WRD 104: Composition & Rhetoric II Rotating Header Image

Choosing a Contextual Framework

Your Contextual Analysis Project asks you to view your issue from a broader framework in order to see things you wouldn’t notice if you analyze only textual or rhetorical features. The frameworks might derive from historical, theoretical, biographical, social, ideological or cultural information, and they serve as contexts in which you can analyze your issue:

  • Historical: What are the historical events and facts surrounding your issue, and how do they affect your understanding of the issue? 
  • Biographical: Who is involved in your issue, and what are their values, assumptions, beliefs, and experiences?
  • Social: What are the social influences, values, events, and discourses reflected in your issue?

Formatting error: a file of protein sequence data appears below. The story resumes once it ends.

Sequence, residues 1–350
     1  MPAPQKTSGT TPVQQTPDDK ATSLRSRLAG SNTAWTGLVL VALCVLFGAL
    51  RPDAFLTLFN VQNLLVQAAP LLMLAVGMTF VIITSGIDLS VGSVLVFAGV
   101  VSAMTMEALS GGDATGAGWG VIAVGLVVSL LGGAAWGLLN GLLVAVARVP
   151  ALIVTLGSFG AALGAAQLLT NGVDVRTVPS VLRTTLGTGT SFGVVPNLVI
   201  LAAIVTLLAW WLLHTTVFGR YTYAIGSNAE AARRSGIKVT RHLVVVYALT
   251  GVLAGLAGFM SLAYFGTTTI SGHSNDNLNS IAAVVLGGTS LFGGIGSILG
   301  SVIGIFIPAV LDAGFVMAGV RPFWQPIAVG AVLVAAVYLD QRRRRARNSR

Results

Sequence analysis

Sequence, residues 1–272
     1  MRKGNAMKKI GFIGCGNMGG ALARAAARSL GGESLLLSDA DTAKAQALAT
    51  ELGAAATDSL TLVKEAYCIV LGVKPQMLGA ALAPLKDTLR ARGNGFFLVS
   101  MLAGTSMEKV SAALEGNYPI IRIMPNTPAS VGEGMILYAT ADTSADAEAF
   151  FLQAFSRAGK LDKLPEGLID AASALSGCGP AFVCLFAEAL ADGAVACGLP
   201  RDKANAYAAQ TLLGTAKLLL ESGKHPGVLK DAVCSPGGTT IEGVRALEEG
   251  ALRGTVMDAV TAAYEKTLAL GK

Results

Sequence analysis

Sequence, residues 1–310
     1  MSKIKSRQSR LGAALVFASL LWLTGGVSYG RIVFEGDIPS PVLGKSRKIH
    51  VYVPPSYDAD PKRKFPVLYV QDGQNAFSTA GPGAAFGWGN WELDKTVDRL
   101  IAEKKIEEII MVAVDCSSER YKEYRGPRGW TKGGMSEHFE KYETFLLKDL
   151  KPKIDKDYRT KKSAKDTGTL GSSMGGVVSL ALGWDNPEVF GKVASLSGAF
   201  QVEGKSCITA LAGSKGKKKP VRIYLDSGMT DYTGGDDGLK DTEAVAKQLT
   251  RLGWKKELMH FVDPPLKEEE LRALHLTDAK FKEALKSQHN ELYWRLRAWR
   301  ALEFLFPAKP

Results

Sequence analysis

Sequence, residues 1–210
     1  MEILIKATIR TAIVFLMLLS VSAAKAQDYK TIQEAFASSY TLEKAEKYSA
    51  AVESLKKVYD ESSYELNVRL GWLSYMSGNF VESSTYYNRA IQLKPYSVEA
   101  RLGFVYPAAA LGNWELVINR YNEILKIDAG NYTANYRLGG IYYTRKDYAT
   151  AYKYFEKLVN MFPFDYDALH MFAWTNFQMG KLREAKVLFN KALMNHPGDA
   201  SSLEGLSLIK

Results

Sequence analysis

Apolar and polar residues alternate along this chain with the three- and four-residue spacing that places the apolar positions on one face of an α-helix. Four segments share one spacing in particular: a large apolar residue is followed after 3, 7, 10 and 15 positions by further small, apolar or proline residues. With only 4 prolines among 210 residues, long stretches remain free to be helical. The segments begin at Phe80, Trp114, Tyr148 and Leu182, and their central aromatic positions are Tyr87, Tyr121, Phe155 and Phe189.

• Cultural: What kinds of culturally-specific values, beliefs, and patterns do you see in your issue and how has your issue been shaped by these influences?
  • Critical: What have other people — critics, authors, Op-Ed writers — had to say about your issue?
  • Theoretical: This is a wide category because there are so many theories that enable writers to critically examine features of an issue and their associated texts: feminist, Marxist, modernist, post-modernist, rhetorical, etc. Here, you might draw on the theories of a certain scholar or movement to examine your issue.
  • Ideological: This is a particularly helpful framework if you are interested in issues related to people’s values, assumptions, desires, and conflicts. Ideologies are beliefs that people hold; the prominent ideas that tell us what should be, or must be, or what seems normal. For example, the idea of democracy in the United States is an ideology — it assumes that everyone’s voice should be equal, whether people are uneducated or college professors, politicians, or people who never read the news. Other ideologies include capitalism, religion, and education.
  • What would a reception study of the film Hunger Games tell us about where the film resides in the public imagination?